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Nicaragua: the new Parliament took office, supporter addicted to the Daniel Ortega regime

Nicaragua inaugurated this Sunday the sessions of the new Parliament, which promises to support the fourth consecutive term that President Daniel Ortega will officially assume on Monday, along with his wife and Vice President Rosario Murillo, according to an official source.

The installation of the legislative period 2022-2026 was directed by the president of the Supreme Electoral Council (CSE), Brenda Rocha, who took the oath to 91 deputies, of which 75 belong to the ruling Sandinista Front and 16 to right-wing parties.

At the head of the seven-member Legislative Board of Directors, the Sandinista deputy Gustavo Porras, close to the presidential couple, was reelected.

Porras promised to work in favor of “the definitive independence” of the country, alluding to the government’s rejection of any type of foreign interference in its internal affairs.

“We are going to continue working in favor of peace, of the definitive independence of our country, independence in all senses,” said the deputy, who has led the legislature for five years.

During his tenure, controversial projects have been approved, such as the cybercrime law that punishes false news, that of foreign agents, and other legal reforms that criminalize protests and establish life imprisonment.

In 2019, the U.S. Office of Foreign Assets Control (OFAC) sanctioned Porras and other Nicaraguan officials for enacting repressive laws and prosecute citizens who exercise their fundamental freedoms, among other reasons.

Porras will chair the board of directors with the support of five Sandinista and two Liberal deputies.

The ALN deputy Alejandro Mejía and the Sandinistas Wilfredo Navarro, Loria Dixon and Gustavo Porras. Photo Jorge Torres / EFE

Parliament as Ortega’s puppet

The 16 right-wing deputies that make up the parliament are 10 from the Liberal Constitutionalist Party (PLC), two from the Nicaraguan Liberal Alliance (ALN), two from the Independent Liberal Party (PLI), one from the Alliance for the Republic (APRE) and one from Yatama indigenous party.

The political opposition, which does not have a seat in Congress and was excluded from the elections on November 7, brand these right-wing legislators as “collaborators” of the government.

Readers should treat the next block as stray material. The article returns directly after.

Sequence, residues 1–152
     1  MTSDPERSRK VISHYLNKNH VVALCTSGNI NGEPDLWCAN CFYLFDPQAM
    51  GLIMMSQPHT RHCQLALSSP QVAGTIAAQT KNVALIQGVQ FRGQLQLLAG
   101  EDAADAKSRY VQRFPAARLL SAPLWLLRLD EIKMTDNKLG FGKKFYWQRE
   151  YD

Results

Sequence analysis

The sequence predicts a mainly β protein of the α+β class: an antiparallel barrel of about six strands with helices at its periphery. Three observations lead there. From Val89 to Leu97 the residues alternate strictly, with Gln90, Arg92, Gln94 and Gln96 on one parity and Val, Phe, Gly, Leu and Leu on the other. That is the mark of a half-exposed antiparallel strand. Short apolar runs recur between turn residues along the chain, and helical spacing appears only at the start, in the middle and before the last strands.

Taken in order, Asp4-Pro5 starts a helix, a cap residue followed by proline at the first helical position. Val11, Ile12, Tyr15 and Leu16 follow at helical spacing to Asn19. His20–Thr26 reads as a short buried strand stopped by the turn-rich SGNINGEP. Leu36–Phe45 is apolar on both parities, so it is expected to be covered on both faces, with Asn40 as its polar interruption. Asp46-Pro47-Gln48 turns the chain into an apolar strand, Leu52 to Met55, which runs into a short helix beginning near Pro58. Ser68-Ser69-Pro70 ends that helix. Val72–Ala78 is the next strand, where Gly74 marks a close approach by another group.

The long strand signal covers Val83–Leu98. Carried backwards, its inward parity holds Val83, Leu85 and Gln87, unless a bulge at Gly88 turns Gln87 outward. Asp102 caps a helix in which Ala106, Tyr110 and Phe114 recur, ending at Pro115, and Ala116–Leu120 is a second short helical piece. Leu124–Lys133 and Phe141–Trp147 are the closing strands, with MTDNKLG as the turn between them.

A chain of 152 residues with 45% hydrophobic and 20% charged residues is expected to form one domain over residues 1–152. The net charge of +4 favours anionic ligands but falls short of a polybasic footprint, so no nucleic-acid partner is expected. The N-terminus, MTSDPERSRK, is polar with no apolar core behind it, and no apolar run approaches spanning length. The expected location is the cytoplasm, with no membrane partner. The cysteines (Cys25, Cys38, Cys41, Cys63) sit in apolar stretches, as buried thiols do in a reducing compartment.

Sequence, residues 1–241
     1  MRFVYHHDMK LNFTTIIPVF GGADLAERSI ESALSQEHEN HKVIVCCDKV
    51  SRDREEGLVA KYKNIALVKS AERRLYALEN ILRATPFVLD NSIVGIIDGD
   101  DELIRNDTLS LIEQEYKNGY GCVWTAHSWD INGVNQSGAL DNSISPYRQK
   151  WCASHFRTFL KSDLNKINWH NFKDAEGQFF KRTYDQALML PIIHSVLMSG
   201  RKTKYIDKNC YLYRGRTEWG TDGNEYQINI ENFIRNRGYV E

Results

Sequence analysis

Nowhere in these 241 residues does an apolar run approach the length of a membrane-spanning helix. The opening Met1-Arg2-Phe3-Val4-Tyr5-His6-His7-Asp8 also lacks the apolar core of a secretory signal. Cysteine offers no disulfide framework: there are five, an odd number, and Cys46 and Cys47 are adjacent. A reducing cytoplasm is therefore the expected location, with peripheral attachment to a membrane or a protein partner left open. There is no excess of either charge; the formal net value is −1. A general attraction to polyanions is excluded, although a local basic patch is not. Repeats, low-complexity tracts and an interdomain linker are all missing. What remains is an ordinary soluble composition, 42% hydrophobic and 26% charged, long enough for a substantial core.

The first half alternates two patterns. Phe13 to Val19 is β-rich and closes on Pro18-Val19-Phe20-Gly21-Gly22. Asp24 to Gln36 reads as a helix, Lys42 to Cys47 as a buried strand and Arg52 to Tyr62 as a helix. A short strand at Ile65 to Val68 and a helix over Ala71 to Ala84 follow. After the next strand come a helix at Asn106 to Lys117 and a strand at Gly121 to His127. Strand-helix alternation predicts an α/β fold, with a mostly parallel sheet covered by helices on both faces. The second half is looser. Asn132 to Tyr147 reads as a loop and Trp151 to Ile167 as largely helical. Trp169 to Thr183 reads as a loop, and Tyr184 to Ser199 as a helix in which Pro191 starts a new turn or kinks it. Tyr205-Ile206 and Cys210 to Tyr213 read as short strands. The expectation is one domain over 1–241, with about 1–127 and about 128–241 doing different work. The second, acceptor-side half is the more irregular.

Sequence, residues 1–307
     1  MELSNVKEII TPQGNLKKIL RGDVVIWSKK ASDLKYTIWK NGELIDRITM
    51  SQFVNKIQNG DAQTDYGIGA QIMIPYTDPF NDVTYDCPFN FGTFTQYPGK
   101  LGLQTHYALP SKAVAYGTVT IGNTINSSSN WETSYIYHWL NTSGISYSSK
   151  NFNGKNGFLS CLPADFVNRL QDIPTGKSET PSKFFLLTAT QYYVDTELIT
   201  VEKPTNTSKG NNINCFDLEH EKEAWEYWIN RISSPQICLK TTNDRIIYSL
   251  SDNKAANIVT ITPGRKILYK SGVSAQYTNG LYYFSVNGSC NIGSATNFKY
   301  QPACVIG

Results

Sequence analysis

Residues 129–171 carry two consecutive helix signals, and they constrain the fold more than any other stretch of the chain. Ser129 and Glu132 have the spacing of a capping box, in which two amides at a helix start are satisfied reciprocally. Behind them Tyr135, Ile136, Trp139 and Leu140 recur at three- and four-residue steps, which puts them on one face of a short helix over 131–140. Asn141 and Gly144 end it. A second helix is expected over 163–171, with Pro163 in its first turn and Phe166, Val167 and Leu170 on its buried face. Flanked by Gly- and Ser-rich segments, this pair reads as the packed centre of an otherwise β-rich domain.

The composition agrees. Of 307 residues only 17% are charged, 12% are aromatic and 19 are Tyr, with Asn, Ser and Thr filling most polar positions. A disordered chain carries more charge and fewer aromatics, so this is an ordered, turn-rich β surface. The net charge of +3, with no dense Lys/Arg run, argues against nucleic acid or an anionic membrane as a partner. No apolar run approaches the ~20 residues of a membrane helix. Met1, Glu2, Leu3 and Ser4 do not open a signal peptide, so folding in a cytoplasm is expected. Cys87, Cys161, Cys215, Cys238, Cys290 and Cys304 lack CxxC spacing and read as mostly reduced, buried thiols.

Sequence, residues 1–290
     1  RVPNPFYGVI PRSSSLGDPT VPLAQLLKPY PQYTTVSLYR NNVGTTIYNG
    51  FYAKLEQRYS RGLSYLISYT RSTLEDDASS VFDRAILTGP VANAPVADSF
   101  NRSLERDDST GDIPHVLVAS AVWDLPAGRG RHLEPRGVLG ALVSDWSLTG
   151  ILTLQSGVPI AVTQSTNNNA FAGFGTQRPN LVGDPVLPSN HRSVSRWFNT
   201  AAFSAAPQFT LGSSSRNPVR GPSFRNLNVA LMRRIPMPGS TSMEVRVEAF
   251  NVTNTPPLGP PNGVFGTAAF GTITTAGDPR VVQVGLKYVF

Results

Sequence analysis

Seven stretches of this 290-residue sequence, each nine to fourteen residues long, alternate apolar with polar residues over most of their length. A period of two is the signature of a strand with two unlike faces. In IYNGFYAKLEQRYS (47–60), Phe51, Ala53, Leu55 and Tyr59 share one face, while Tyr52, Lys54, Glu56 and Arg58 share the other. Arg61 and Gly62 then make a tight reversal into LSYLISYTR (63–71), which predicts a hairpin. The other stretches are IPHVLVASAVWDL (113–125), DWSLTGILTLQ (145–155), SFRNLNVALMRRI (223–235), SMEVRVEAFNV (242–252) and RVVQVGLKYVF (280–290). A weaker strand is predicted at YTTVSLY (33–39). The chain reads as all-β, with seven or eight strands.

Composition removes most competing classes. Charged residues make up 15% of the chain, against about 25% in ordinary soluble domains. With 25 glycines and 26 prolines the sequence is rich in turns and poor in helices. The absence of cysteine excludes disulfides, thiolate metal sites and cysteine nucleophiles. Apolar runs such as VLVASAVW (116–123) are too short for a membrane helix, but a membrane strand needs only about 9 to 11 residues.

Ortega, a 76-year-old ex-guerrilla who has ruled since 2007 by virtue of three successive re-elections, won his fourth consecutive term in November with his main opposition rivals imprisoned or in exile.

In his new term, Ortega will once again have the necessary votes to promote ordinary laws and initiatives with constitutional rank from Congress.

He will govern, however, under threats of sanctions from the United States, the OAS and countries that have questioned his re-election due to the repression he exercised against opponents before the elections.

This Monday, Ortega will assume office in an official ceremony that will be attended by official delegates from China -the new ally of Nicaragua after the break in diplomatic relations with Taiwan last December-, from Venezuela, Cuba, Iran and Honduras, among others, the government reported.

Daniel Ortega and Rosario Murillo will assume this Monday.  Photo César Pérez / Presidency of Nicaragua / AFP

Daniel Ortega and Rosario Murillo will assume this Monday. Photo César Pérez / Presidency of Nicaragua / AFP

The assumption of Ortega

After imprisoning dozens of opponents and accused by international organizations of human rights violations, Daniel Ortega assumes his fifth and fourth consecutive term, in a ceremony to be held in the Plaza de la Revolución, in Managua, with the support of Argentina and a handful of governments around the world.

With the attendance of very few foreign delegations, the Sandinista leader will assume his new mandate after winning the controversial November 7 elections with more than 40 opposition leaders arrested.

Among them, seven candidates for the presidency led by the favorite in the polls, Cristiana Chamorro, who on Saturday served 220 days of home detention.

Argentina will attend the ceremony represented by its ambassador, Daniel Capitanich, despite the fact that the elections were described as a “pantomime” by the United States and rejected by the European Union for its lack of transparency.

With information from AFP



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